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Graduate Admissions

Course closed:

Assyriology is no longer accepting new applications.


The MPhil in Assyriology delivers competence in language and specialist knowledge of culture and history over a relatively short time. All MPhil students in the Department of Archaeology take a Research Skills module and write a dissertation (15,000 words maximum). The MPhil in Assyriology also includes taught modules, chosen in consultation with the supervisor according to the student's interests. Students will learn Akkadian at either an introductory or more advanced level depending on previous experience. Students may be required to give in-class presentations.

One to one supervision

Supervisions with module coordinators or their regular supervisor give the student the opportunity to discuss general and specific issues in the conduct of the course. A supervisor, possibly but not necessarily the same one, will also be appointed for the dissertation, to help with the choice of topic and monitor the progress of the student’s research for the dissertation throughout the year. Supervisions provide the student with an opportunity to seek academic information and advice and they provide the forum to monitor students' progress.

Students can normally expect to have around eight supervision sessions per year depending on the nature of
their course and dissertation.

The University of Cambridge publishes an annual Code of Practice which sets out the University’s expectations regarding supervision.

Seminars & classes

Seminars are designed to provide students with intensive engagement with academic staff across a wide range of specialisms relevant to the courses selected. Seminars are designed to be interactive and preparation and participation in seminars is expected of all students. In all taught modules, students may be required to give seminar-style presentations from time to time. Most modules include a number of seminars during Michaelmas and Lent terms. The amount of time dedicated to seminars and classes will vary depending on the student's module choices.


Lectures are designed to present and discuss the major academic disciplines covered in each module. Most non-language modules are structured around lecture-based teaching. The amount of time spent in lectures will vary depending on the student's module choices.


The MPhil in Assyriology does not include practical sessions as a component of the course, except insofar as sessions may be held in museums, to examine original cuneiform inscriptions. Students choosing optional modules offered in the MPhil in Archaeology may have practical sessions once or twice a term depending on their choice of module.

Small group teaching

MPhil class sizes tend to be small for most modules and a significant portion of teaching is therefore delivered
in small groups.

Journal clubs

Students are encouraged to involve themselves in the department's graduate-run journal, the 'Archaeological
Review from Cambridge'.


All MPhil students are usually required to make a presentation to staff and peers as part of the assessed component of their Research Skills module.


Students receive written feedback on all assessed essays and reports from internal markers via the Graduate Administrator. Final coursework and exam marks are made available to students following the final examiners meeting in September.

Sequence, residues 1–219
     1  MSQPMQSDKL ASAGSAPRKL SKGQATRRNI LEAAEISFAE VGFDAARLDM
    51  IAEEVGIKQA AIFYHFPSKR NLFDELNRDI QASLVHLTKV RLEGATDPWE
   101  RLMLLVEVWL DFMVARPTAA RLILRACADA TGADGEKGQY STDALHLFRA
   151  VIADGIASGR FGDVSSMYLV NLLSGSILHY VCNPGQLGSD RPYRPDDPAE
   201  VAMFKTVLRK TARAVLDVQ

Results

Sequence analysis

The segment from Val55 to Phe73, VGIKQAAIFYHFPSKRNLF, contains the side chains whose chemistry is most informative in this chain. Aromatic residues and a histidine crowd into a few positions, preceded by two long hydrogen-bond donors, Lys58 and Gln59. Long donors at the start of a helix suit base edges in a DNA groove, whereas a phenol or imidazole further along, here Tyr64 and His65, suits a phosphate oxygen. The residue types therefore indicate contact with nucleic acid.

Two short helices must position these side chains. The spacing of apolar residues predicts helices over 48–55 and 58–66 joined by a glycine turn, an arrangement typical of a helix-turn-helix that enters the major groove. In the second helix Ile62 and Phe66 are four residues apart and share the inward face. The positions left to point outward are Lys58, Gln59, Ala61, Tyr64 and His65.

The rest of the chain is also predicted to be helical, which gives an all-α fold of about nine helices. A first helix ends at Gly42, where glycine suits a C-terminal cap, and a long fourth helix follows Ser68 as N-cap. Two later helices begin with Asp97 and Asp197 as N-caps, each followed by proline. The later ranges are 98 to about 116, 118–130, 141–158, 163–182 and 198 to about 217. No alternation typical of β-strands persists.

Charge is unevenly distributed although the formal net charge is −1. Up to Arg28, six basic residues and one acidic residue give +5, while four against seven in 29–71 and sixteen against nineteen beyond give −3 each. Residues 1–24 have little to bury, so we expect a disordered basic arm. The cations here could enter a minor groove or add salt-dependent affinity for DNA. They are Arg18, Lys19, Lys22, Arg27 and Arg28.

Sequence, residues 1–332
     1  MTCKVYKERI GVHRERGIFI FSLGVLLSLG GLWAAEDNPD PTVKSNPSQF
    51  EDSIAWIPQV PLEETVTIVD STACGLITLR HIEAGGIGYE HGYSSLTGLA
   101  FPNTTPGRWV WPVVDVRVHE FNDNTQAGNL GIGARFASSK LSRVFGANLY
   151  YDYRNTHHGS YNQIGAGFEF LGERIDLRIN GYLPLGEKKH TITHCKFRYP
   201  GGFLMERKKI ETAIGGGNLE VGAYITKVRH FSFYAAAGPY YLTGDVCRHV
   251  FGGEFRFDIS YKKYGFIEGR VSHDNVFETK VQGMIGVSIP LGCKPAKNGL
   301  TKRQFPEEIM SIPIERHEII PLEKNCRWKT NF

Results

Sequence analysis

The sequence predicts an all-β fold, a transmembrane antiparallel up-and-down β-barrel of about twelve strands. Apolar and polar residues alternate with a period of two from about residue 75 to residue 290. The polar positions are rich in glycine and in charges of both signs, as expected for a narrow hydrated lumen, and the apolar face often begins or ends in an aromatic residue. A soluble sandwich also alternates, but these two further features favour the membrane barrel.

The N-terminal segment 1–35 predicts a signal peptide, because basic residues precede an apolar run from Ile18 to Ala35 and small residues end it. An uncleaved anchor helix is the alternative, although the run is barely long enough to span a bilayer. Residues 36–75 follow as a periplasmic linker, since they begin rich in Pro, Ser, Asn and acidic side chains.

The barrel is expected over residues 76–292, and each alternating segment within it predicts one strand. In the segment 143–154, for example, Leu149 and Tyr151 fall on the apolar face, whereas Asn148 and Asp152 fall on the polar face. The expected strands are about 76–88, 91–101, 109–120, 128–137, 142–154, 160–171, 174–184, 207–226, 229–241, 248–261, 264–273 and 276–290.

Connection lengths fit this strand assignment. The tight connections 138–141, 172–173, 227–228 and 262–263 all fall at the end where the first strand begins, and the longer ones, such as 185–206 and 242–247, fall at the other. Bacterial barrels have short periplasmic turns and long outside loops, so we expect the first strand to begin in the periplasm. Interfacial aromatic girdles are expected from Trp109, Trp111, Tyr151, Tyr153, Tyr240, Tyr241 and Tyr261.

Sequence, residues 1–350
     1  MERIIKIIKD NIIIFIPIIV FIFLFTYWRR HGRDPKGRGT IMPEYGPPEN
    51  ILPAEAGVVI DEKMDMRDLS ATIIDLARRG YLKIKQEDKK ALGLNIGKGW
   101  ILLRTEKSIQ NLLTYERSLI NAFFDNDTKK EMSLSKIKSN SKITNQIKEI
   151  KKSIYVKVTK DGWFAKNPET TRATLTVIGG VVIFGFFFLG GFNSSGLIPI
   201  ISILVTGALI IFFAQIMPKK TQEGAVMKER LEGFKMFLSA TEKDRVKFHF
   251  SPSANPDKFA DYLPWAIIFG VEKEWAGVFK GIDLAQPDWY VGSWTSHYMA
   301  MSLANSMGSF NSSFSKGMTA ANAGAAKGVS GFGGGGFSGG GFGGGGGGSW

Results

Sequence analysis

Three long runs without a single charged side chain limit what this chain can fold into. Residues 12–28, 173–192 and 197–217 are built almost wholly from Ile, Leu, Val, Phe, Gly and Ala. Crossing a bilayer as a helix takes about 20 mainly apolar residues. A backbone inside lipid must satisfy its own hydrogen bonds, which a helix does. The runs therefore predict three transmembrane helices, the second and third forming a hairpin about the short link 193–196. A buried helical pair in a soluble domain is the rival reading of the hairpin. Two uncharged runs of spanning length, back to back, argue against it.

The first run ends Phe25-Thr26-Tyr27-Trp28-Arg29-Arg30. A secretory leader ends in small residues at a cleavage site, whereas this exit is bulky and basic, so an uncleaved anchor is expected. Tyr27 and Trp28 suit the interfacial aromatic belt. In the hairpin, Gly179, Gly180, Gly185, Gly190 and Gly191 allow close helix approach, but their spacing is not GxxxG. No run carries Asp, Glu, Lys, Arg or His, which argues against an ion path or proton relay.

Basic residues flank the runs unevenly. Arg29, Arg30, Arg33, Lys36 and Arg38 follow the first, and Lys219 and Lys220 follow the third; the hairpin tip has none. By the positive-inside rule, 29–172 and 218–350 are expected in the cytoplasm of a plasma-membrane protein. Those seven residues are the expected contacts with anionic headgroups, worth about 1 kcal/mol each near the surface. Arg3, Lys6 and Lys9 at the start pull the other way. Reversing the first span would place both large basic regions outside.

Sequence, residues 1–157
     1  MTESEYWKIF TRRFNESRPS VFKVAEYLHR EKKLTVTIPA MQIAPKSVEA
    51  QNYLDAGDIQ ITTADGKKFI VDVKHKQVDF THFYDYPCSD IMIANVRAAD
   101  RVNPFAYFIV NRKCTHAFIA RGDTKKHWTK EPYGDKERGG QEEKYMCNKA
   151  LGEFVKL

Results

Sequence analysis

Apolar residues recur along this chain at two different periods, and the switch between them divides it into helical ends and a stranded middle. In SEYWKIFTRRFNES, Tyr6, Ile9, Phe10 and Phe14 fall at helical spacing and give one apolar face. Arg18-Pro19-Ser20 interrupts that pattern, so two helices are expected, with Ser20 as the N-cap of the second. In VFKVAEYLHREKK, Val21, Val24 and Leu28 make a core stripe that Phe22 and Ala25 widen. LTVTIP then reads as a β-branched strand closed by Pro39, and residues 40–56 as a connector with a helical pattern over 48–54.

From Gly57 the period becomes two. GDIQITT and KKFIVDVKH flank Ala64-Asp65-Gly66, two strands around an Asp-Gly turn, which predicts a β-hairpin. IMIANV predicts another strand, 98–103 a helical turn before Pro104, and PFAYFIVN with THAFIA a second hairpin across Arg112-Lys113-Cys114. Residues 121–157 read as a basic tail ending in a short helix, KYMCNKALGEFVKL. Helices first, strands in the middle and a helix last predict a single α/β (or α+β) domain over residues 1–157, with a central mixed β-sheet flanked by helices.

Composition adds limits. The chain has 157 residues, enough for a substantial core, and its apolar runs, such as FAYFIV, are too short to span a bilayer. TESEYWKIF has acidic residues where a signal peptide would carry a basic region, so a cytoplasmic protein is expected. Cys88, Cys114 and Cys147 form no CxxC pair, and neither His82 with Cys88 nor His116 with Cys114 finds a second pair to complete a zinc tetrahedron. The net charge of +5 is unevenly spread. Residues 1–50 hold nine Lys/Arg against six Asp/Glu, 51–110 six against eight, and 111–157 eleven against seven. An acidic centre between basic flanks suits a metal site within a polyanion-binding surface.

Students are invited to group meetings throughout the year to discuss progress and concerns in order to address issues as and when they arise.

All students will undergo regular supervision sessions with their dissertation supervisor.



The dissertation is an extended piece of independent, original research. Students work with their supervisor to formulate a dissertation project, carry out research for it and write it up. The topic of the dissertation has to be approved by the Faculty Degree Committee; the dissertation is of maximum 15,000 words (excluding bibliography, tables, figures and appendices) and is due at the end of August; it counts as 50 per cent of the student’s final mark.


Students taking the MPhil in Assyriology are usually required to produce between one and four assessed essays depending on their chosen course of study and the modules they select. The essays are between 3,000 and 4,000 words and are submitted in Michaelmas, Lent and/or Easter terms.

Written examination

Students taking the MPhil in Assyriology are required to sit written examinations for some modules. Language modules have a written exam in Easter term. For language modules, choice of module is subject to the student’s prior experience in order to ensure that they have the preparation to benefit from the module taken; the course co-ordinator will provide guidance on this.


Attendance at the relevant Research Skills workshops is required of all MPhil students in the Department of Archaeology. The Research Skills module is worth five per cent of the overall MPhil degree. Its mode of assessment may include a research proposal of specified length, and/or an oral presentation (supported by visual aids) to teaching staff and peers.

The assessment of G23 Advanced Akkadian includes assessed coursework in the form of a philological commentary and cuneiform copy.

Key Information

11 months full-time

Master of Philosophy

Division of Archaeology


Course on Department Website

Dates and deadlines:

Applications open
Sept. 3, 2018
Application deadline
April 26, 2019
Course Starts
Oct. 1, 2019

Some courses can close early. See the Deadlines page for guidance on when to apply.

Graduate Funding Competition
Jan. 3, 2019
Gates Cambridge US round only
Oct. 10, 2018

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